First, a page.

As a result, many of them earned their keep, something that made it possible to maintain and preserve them. That and the fact they were so well built is why we can still enjoy many of these buildings today. Scattered across the European continent, there are more than 100 beautiful Gothic buildings, some of which date back to the 1100s, for you to enjoy visiting.

Virtually all of them are cathedrals, churches, and abbeys, but as you will see, there are also some secular examples, including several town halls, castles and manor houses. Everyone has their own favourites, and below are some ours:

The Basilica of St Denis, Paris, France

One of the most exquisite examples of Gothic architecture is also one of the earliest. The Basilica of St Denis was built a Gallo-Roman cemetery site. The relics of Saint Denis were reinterred in the basilica, at which point the small church became an important Christian site. Over the years, work was carried out to extend the church. In 1144, the choir was completed. This is the first example of Gothic architecture, which is part of the reason so many people visit this small, quaint cathedral.

The Duomo – Florence Cathedral, Italy

This beautiful cathedral has the largest brick dome ever built. Even today, it is not clear what technique the architect Fillippo Brunelleschi used to construct this impressive piece of architecture.

 

Notre Dame de Paris, France

Notre Dame is one of the most famous Gothic buildings. This is largely thanks to Victor Hugo, who based his novel The Hunchback of Notre Dame there. Building started in 1163 and finished in 1345. It has also undergone major alterations and had to be heavily renovated after both the French Revolution and World War II, but many of its original features are still visible.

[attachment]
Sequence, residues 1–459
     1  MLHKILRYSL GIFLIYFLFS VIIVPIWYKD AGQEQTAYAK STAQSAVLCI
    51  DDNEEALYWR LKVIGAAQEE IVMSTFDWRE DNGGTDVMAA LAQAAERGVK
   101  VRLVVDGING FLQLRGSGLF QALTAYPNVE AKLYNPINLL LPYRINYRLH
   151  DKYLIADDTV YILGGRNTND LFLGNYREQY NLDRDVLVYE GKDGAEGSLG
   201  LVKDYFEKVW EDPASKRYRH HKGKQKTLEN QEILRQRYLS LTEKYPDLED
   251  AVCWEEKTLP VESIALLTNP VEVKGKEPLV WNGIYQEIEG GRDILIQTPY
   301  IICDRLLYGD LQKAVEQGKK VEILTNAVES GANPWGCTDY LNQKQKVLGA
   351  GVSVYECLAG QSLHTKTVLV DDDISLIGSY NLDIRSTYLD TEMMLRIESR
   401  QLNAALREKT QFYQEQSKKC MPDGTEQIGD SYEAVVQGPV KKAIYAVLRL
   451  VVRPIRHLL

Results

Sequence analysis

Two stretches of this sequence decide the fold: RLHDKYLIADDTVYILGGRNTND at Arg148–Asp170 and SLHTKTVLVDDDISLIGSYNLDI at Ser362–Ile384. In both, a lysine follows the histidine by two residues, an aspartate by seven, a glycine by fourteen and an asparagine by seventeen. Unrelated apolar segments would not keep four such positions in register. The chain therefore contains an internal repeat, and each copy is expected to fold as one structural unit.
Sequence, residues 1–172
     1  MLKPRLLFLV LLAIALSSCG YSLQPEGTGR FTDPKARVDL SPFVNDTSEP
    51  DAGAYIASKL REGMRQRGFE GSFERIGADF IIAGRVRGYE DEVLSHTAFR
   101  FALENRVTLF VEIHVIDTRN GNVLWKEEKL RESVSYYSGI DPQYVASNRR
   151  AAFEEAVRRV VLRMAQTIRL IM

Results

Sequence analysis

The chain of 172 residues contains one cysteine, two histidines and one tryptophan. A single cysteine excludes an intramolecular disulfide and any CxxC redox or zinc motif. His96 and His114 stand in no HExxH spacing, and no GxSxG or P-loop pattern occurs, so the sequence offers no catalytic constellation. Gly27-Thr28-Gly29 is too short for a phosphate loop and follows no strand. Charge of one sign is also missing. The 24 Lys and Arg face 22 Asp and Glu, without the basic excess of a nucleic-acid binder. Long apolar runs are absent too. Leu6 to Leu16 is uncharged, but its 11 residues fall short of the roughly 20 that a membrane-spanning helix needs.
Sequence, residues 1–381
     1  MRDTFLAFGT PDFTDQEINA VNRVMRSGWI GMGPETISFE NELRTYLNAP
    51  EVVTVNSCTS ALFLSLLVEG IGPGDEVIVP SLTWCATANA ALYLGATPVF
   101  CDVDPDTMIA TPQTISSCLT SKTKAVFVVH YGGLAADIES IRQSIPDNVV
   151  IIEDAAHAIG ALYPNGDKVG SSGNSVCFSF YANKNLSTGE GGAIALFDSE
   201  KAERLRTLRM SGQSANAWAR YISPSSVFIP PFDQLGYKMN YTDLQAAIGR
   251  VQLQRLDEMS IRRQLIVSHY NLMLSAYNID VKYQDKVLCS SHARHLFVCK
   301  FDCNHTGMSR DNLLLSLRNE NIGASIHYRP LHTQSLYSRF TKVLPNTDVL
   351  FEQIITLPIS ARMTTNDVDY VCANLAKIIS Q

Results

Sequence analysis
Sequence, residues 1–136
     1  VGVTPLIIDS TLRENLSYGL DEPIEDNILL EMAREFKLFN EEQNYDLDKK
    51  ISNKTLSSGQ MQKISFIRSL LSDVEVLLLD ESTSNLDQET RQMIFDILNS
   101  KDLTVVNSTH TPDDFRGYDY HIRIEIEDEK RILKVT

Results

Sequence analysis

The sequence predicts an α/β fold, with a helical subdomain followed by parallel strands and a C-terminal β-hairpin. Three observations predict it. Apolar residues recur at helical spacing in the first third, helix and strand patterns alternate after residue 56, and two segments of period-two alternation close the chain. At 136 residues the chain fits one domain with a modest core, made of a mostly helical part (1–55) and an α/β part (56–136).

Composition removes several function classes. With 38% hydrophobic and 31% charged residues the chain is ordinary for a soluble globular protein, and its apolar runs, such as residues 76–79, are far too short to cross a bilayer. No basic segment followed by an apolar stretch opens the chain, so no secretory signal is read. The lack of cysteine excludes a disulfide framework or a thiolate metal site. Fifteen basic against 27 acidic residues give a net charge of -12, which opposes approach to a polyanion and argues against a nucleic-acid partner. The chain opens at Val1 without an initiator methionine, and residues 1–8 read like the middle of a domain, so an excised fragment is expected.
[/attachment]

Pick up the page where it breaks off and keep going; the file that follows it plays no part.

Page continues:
Canterbury Cathedral, Kent, England

This is one of the oldest cathedrals in England. The site first became a place or worship in the 6th Century. As time has past, several churches have been built here. The first Gothic cathedral was constructed in the 1100s. However, the cathedral we see today was not in fact built until the 14th Century.

Cologne Cathedral, Germany

Perhaps the most impressive Gothic cathedral is the one in Cologne. It is the biggest in Europe and is certainly striking, so it comes as no surprise to learn that it took hundreds of years to build.
Construction began in 1248, but building work was stopped in 1473 and did not resume until 1840. The cathedral was finally finished in 1880. Perhaps its most striking feature is its Germanic Gothic spires, which are the 2nd tallest Gothic spires in Europe.

St. Stephen’s Cathedral, Vienna, Austria

This beautiful ornate cathedral is actually a mix of Romanesque and Gothic forms. It was built in 1160, and during WWII was spared by a German officer who disobeyed a direct order to destroy it as his forces retreated. Today, it is home to some of Vienna´s most important works of art.

Leuven Town Hall, Belgium

This remarkable building took only 21 years to build, yet is very ornate. The building fell into neglect in the 18th Century, but fortunately, it was restored in the 19th. It was also badly damaged in WWII and it took until 1983 to fully repair it. Today, it is open to visitors who enjoy visiting this small-scale example of Gothic architecture.

Posted by Mark
May 16, 2018
Features